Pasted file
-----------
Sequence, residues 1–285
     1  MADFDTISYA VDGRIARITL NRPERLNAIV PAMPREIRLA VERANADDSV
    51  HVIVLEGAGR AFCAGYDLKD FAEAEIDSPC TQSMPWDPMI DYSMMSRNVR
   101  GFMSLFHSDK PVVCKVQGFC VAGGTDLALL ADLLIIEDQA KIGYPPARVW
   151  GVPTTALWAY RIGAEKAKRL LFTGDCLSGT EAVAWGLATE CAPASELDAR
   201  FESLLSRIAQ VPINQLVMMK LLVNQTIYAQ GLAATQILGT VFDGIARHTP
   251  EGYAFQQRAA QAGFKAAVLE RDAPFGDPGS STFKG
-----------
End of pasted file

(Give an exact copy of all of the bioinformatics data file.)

Sequence, residues 1–285
     1  MADFDTISYA VDGRIARITL NRPERLNAIV PAMPREIRLA VERANADDSV
    51  HVIVLEGAGR AFCAGYDLKD FAEAEIDSPC TQSMPWDPMI DYSMMSRNVR
   101  GFMSLFHSDK PVVCKVQGFC VAGGTDLALL ADLLIIEDQA KIGYPPARVW
   151  GVPTTALWAY RIGAEKAKRL LFTGDCLSGT EAVAWGLATE CAPASELDAR
   201  FESLLSRIAQ VPINQLVMMK LLVNQTIYAQ GLAATQILGT VFDGIARHTP
   251  EGYAFQQRAA QAGFKAAVLE RDAPFGDPGS STFKG